This time next year will see the UK host the crucially important United Nations COP26 Climate Summit in Glasgow. World leaders from all manner of countries, economies, cultures and creeds will shuttle around conference halls and meeting rooms to negotiate contributions to global emissions reduction efforts. As is often the case, political leaders will be the focus of attention for those of us wishing to see significant climate action. However it is in the private sector where the truly remarkable changes are taking place.

Since 2015, there has been a 22,000% increase in assets committed to fossil fuel divestment. This is an astonishing figure. Investment institutions and companies are falling over each other to promote their environmental credentials. In just ten years, concerted efforts by non-state actors could result in up to a 5.5% reduction in global greenhouse gas emissions. In this dramatic reversal, not investing in green is now on the periphery.

For many, the 1980s was when the debate about Man’s impact on the planet shifted into wider public focus. Back then, the divide was between whether you believed greenhouse gas emissions were doing significant damage to the planet or not. For example, under President Reagan, the Environmental Protection Agency published a report saying a future temperature rise would be “catastrophic”. The White House described this conclusion as “alarmist”, a view at the time shared by many across the commercial and political worlds.

Now, the scientific consensus on mankind’s damaging impact on the climate is widely accepted, and rightly so. Denying this in 2020 is the definition of fringe. Science is as unequivocal on this as it is on evolution and the effects of smoking. Politically, we will see the messaging around this being strengthened – and President-elect Biden is widely expected to put “climate diplomacy” front and centre of his administration’s agenda, signalling a major policy shift away from his predecessor. Given the limits on his power in a gridlocked Congress, working with other nations and global businesses to do more to reduce emissions will be key.

Investing in green initiatives was for too long seen as a negative-sum game. The view was that spending on green meant making dominant fossil fuels expensive for businesses and people. This is still reflected in public policy, with the International Institute for Sustainable Development finding that fossil fuels are publicly subsidised to the tune of $372bn per year globally, compared to $100bn for renewables. This demonstrates how the negative-sum mindset remains firmly entrenched, preventing a meteoric increase in clean, green solutions.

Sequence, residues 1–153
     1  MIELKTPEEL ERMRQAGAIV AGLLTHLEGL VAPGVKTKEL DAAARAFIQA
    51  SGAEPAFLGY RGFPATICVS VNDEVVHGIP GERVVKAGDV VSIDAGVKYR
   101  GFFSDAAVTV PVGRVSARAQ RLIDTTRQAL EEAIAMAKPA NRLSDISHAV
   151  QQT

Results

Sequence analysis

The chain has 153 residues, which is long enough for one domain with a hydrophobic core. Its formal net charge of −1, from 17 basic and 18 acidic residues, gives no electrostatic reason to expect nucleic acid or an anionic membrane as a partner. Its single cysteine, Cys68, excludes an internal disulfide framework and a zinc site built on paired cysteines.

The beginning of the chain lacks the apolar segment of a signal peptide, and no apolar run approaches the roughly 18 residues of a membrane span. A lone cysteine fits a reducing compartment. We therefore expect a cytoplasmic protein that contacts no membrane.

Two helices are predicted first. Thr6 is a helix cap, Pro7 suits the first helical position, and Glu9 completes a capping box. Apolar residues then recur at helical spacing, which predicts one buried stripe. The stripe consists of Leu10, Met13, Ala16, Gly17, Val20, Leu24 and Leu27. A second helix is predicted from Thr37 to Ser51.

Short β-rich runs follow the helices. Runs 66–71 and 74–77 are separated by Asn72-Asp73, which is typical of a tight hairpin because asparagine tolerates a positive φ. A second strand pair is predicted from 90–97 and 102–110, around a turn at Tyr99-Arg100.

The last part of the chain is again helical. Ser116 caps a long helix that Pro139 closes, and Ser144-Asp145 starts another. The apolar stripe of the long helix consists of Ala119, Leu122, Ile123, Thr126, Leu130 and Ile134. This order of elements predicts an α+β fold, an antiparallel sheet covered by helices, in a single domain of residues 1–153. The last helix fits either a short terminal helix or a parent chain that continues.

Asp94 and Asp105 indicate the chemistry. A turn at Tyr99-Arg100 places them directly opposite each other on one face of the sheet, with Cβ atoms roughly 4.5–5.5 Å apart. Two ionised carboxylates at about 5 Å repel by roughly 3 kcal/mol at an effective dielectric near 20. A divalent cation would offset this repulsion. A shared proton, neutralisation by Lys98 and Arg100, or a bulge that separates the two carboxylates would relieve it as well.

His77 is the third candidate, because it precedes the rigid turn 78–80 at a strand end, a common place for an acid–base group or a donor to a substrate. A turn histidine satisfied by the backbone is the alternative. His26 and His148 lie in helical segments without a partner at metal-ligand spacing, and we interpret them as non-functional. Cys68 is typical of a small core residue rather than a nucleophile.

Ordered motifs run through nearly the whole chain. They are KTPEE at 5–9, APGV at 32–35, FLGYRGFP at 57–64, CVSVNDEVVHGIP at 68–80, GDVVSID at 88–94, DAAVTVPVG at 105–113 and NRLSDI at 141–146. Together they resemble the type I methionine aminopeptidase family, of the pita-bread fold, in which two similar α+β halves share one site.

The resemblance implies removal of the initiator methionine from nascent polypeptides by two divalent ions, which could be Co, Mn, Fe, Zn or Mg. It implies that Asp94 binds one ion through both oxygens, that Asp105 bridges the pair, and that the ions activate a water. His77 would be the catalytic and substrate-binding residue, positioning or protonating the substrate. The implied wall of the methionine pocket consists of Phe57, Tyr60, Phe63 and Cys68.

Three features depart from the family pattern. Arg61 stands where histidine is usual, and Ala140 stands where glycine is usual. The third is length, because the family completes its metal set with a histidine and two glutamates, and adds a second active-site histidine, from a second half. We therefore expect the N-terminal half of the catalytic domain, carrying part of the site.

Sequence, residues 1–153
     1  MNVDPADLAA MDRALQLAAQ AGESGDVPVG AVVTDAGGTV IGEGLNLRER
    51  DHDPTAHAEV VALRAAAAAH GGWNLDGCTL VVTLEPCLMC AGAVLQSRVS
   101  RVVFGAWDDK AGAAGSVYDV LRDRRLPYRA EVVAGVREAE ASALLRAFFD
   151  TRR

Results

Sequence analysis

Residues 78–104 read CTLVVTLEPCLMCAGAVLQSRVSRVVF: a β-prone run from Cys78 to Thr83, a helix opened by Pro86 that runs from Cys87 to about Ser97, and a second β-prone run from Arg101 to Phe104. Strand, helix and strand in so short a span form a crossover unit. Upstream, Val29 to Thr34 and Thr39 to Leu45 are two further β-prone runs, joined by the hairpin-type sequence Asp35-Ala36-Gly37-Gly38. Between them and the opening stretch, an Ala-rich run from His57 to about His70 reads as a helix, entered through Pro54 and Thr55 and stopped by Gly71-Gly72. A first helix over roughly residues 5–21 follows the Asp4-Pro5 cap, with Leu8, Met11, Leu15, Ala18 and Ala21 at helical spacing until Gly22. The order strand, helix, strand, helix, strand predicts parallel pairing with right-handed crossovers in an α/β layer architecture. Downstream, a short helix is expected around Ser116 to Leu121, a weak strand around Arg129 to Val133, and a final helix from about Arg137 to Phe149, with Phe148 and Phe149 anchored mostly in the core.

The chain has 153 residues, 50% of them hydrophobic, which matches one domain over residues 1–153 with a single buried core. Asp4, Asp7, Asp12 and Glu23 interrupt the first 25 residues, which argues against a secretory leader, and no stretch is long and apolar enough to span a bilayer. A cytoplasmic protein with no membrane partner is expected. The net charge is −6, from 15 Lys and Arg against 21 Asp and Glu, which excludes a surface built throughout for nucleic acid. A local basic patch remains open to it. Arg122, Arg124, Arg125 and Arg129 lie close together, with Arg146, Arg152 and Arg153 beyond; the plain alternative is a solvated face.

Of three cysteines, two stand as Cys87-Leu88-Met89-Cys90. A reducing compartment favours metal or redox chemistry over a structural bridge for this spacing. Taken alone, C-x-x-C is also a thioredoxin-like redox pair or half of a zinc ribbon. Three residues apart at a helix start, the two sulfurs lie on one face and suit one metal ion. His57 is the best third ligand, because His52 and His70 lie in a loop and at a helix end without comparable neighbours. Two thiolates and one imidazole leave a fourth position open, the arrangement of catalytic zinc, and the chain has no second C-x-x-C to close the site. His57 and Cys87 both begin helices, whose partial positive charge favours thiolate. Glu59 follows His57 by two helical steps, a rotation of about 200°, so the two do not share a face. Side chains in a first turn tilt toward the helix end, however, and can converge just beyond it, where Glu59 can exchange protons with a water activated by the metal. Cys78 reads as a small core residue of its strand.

Where the state is failing to act, the private sector is increasingly taking up the mantle. According to the Climate Works Foundation, nearly 1,500 companies with revenues in excess of $20.5tn have made quantifiable commitments to reduce emissions. Given the number of factories, workers, products and logistical infrastructure involved, it has colossal potential to have a real impact, entirely independent of government.

It may not be fashionable to say in some circles, but some of the world’s biggest companies are leading the fightback against damaging climate change. Companies are now all too aware that being seen to oppose green measures and even flirt with climate denialism is toxic to their reputations.

“Preservation” is now the watchword with shifts towards green investment. Essentially, the ideal is to maintain and improve our standard of living while halting and reducing the damage we are doing to the planet. Animal conservation is about preventing and reversing Man’s harm on wildlife habitats, ecosystems, and wellbeing. And at my own organisation – the Nick Maughan Foundation – we have a particular interest in supporting the myriad of inspiring efforts aimed at doing so. Boosting preventative climate action is a major part of this.

Fossil fuels have undoubtedly been crucial to the development of many industrialised and developing nations, even if they have also played a major role in the destruction of wildlife habitats, via pollution, oil spills and deforestation. We must ensure green clean alternatives will be available  for the world’s poorer countries and help them to develop in a more sustainable way.

For decades, the environmental cost of drilling, refining, exporting, discovering and using fossil fuels was outweighed by financial interest. This is no longer the case. A vast $14.5trn is the total value of institutions committed to fossil fuel divestment. These sums clearly demonstrate that protecting our planet is no longer seen as an environmental fantasy, but present economic necessity. The finances involved in green investment have reached a point where they are mainstream, rather than niche.

Nick Maughan is an investor and founder of the Nick Maughan Foundation, a philanthropic project aimed at supporting initiatives in education and civic support schemes for disenfranchised communities.